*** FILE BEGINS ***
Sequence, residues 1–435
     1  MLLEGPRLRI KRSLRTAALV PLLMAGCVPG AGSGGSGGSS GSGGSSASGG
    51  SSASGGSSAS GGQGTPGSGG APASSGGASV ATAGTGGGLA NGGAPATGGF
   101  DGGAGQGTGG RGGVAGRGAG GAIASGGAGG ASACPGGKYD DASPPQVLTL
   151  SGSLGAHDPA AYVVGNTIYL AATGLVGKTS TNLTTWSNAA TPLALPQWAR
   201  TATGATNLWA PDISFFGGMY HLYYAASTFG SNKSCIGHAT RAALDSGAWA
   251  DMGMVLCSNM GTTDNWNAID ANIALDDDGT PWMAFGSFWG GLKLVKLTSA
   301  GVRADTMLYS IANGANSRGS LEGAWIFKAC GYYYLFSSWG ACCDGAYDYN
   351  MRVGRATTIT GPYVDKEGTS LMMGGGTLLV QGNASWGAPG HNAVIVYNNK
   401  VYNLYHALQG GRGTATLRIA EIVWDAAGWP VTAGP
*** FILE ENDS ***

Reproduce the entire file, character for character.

Sequence, residues 1–435
     1  MLLEGPRLRI KRSLRTAALV PLLMAGCVPG AGSGGSGGSS GSGGSSASGG
    51  SSASGGSSAS GGQGTPGSGG APASSGGASV ATAGTGGGLA NGGAPATGGF
   101  DGGAGQGTGG RGGVAGRGAG GAIASGGAGG ASACPGGKYD DASPPQVLTL
   151  SGSLGAHDPA AYVVGNTIYL AATGLVGKTS TNLTTWSNAA TPLALPQWAR
   201  TATGATNLWA PDISFFGGMY HLYYAASTFG SNKSCIGHAT RAALDSGAWA
   251  DMGMVLCSNM GTTDNWNAID ANIALDDDGT PWMAFGSFWG GLKLVKLTSA
   301  GVRADTMLYS IANGANSRGS LEGAWIFKAC GYYYLFSSWG ACCDGAYDYN
   351  MRVGRATTIT GPYVDKEGTS LMMGGGTLLV QGNASWGAPG HNAVIVYNNK
   401  VYNLYHALQG GRGTATLRIA EIVWDAAGWP VTAGP